Giving a child in Ethiopia a pair of shoes might very well be a moral thing to do, but when a development agency or NGO is pursuing some sort of public health agenda they have to do these kinds of calculations to determine which of many policy options available to them are worth the expenditure of finite financial resources. If you are going to donate your money to some sort of humanitarian cause, you should do the same kind of math to determine which charity you feel best deserves your money.
- Actions like these, while commendable, create dependency not independence. Like women suckled to Nestle’s formula, any free aid eliminates or reduces demand for the product given. With the exception of Ethiopia (per a more-than-cursory web search), TOMs does not buy their shoes from local vendors. So they are made, assembled, and shipped from overseas…and only distributed by “local partners.” I wonder what the shoe vendors in those countries feel about having free shoes everywhere? It is an example of creating dependency on free shoes rather than empowering local merchants.
All that said, it’s not like the competition is much better. The alternatives are much more expensive (Sawas are twice as expensive as TOMs and twice as less-trendy, but they are locally-made shoes).
The dilemma with TOMs shoes is an example of the conflict between charity and justice. TOMs shoes is a charity, digging wells and latrines is justice. Charity takes care of a person’s immediate needs and required repeated actions. Justice takes care of long-term systemic problems and is slow-moving but helps more people. Both are required actions as part of Jesus’ command to “Love Thy Neighbor” but both require reflection on the fruits of such efforts.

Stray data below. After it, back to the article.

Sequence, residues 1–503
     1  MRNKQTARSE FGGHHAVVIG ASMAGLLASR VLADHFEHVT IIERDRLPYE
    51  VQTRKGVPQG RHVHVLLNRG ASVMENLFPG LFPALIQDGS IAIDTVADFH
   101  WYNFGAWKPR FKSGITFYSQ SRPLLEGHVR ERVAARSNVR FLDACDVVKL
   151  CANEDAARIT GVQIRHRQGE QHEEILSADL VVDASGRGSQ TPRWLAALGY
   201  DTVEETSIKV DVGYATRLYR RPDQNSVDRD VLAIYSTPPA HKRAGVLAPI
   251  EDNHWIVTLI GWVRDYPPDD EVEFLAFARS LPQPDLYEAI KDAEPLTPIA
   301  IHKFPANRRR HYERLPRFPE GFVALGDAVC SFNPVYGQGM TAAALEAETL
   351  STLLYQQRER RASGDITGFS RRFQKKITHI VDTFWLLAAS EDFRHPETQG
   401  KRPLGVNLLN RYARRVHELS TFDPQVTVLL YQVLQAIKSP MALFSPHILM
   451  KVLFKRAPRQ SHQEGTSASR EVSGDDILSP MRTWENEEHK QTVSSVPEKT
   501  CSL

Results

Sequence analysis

However, there are other organizations to support. Instead of charity feeding for a day, it is closer to justice changing the structures of hunger.
- Heifer Project International, while in the same boat as World Vision for only a portion of proceeds go to the needy, teaches independence not dependence by showing farmers how to plant, people how to care for livestock, and so on.
- Micro-loan distributors (like kiva.org) get money directly to the people who need it not for a handout but to start their own business or empowerment effort. Such efforts create, again, independency not dependency.
- Organizations where 100% of your donation goes to the needy. If you are United Methodist, donating to an Advance cause (like was advertised for Japan and Haiti recently) results in 100% of the gift reaching the needy.
So, am I gonna stop my youth from wearing Tom shoes or lecture them? Not at all, I’m no hater and I want to encourage my youth to reach out to others. But I will (and do) talk to them about the difference between a charity gift that makes you feel better, and a justice gift that honors both the recipient and yourself and changes the reason “why” people are shoeless or hungry.
And it may not be flashy.
But that’s okay.
In the words of Zac Mason (quoted above):
I’m not saying that you should not give to charity – all I’m saying is that before you give whimsically to just any humanitarian-sounding cause, first take into consideration that it is possible that your unconditional generosity might just distort incentives to such a perverse extreme that any good that they might have achieve in the short run might be negated by the greater harm that they might cause in the long run.
Get informed about the effects of Buy-One-Get-One efforts. Ask yourself the real motivations you have behind the purchase. And find out from people on the ground as to the effects of a charity, not just the # of people helped.